6. Not having a living revocable trust and will: If you don’t want the state allocating your assets or finding a suitable person to raise your children, you need to have a will and a living revocable trust. The trust eliminates probate and your descendants, named in the trust, get the assets you want them to have. Your children avoid costly probate. You also need to insure you have a Durable Power of Attorney, Healthcare Proxy, and Medical Directive.
  7. Not getting long-term care insurance (LTC): None of us going to stay young forever. When we age we become more likely to need nursing home care. If you do not have LTC insurance, the nursing home care costs are quickly going to eat-up your assets. Get LTC insurance when you are in your 50’s or 60’s. Sometimes getting it in your 40’s is a good idea, because as you age more illnesses kick-in and you might not qualify for LTC insurance.
  8. Saying “yes” when you should be saying “no”: This goes right along with number 5. We have a hard time saying “no” when someone asks us for money. If you don’t have the money to give them, don’t be afraid to admit it and tell them “no”. If you need the money to buy food, pay rent, or buy gas for your car, why are you going to give the money to your friend to pay his credit card bill?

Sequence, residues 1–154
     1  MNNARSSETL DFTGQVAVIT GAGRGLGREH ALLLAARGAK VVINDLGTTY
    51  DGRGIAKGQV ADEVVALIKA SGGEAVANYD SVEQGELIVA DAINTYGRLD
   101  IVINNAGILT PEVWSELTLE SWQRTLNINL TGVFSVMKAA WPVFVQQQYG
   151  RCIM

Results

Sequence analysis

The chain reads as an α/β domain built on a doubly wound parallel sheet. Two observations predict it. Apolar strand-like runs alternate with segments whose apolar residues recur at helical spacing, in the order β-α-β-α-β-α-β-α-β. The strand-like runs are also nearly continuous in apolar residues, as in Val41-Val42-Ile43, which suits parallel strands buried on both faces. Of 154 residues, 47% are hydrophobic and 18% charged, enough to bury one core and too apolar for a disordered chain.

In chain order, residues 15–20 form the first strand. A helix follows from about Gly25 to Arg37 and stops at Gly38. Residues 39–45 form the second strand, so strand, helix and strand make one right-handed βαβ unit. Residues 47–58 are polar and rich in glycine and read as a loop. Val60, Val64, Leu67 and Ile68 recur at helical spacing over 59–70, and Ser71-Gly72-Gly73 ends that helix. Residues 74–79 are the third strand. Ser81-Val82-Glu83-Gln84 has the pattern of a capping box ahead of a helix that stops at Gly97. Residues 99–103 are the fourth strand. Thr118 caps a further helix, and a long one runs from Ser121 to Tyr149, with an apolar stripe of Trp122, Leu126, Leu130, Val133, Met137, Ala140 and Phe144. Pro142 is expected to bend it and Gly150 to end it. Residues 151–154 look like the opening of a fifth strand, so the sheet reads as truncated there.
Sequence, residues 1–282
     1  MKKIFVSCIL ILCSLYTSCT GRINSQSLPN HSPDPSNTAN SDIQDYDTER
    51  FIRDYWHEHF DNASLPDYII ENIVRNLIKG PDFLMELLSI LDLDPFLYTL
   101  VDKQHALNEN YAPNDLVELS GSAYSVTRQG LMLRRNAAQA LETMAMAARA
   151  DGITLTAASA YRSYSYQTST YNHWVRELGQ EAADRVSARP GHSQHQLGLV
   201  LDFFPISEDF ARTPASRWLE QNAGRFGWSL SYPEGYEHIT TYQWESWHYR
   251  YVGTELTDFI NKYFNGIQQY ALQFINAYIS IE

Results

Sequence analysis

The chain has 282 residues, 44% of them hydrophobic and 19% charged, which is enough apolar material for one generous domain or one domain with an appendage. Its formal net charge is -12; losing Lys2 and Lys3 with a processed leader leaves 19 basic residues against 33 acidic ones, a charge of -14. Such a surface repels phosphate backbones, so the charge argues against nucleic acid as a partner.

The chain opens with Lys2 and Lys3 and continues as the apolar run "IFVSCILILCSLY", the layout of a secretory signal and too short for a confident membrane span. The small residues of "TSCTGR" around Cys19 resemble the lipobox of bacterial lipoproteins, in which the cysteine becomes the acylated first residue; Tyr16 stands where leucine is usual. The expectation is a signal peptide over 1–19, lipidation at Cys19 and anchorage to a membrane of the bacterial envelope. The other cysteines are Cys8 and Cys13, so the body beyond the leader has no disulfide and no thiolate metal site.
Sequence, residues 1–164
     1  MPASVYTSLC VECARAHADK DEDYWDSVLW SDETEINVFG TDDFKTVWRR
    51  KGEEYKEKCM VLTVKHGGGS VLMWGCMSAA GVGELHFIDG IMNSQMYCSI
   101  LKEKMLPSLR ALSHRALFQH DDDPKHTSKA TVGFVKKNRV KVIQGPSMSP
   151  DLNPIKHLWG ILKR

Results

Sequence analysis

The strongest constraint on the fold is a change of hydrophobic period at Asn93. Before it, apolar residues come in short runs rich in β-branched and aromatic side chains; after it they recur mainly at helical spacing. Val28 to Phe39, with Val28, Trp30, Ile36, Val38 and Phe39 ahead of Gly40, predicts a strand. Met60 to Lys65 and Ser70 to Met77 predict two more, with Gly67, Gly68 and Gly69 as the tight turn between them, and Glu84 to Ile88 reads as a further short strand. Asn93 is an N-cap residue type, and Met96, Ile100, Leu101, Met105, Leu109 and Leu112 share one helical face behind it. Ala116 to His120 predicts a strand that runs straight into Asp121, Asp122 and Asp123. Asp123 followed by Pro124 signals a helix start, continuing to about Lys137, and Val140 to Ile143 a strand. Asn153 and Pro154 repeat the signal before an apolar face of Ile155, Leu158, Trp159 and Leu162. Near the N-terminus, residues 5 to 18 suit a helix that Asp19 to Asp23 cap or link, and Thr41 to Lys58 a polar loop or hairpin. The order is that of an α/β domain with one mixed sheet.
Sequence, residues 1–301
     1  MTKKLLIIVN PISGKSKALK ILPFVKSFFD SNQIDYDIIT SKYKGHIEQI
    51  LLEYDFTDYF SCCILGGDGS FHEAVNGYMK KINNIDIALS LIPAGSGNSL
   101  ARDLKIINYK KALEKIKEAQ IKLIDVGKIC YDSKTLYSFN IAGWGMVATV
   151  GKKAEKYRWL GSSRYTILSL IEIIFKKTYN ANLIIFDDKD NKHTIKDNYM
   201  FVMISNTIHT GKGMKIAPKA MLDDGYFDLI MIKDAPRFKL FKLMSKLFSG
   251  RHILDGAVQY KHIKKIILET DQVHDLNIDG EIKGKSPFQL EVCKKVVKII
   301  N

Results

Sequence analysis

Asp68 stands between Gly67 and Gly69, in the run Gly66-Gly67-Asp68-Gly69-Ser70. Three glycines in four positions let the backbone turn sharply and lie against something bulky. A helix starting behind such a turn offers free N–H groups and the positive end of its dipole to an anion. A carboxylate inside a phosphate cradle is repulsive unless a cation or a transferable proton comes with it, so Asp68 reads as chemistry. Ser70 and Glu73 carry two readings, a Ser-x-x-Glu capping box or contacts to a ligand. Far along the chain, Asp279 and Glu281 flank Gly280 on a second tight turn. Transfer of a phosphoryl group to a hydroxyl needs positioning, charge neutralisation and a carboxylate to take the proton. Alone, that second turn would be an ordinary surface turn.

9. Borrowing against your home: Never use a secured asset to pay for an unsecured debt. When you borrow against your home through a home equity loan or a home equity line of credit to payoff your credit card debt, you now have the risk of losing your home if you are unable to payoff the loan. You have pledged your home for the loan. With credit card debt, nothing is pledged against the debt. The credit card company cannot foreclose on your home if you are unable to pay the debt.
  10. Taking money out of savings to invest in a get rich quick scheme: This one is just plain stupid. Get rich quick schemes do not work. The only person that gets rich quick form these schemes is the person running the scheme. They get your money.
  11. Borrowing money to invest: You do not ever want to borrow money to invest in the stock or bond markets. You might get lucky and get an investment with a nice return. However, taking an advance on your credit cards is costly in interest and in fees. Instead, do dollar-cost-averaging when you invest. This means that you invest the same amount money each time over a long period of time. You are going to be investing when the market is down and when it is up.
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The second image links to www.thepennyhoarder.com site’s article about common retirement mistakes.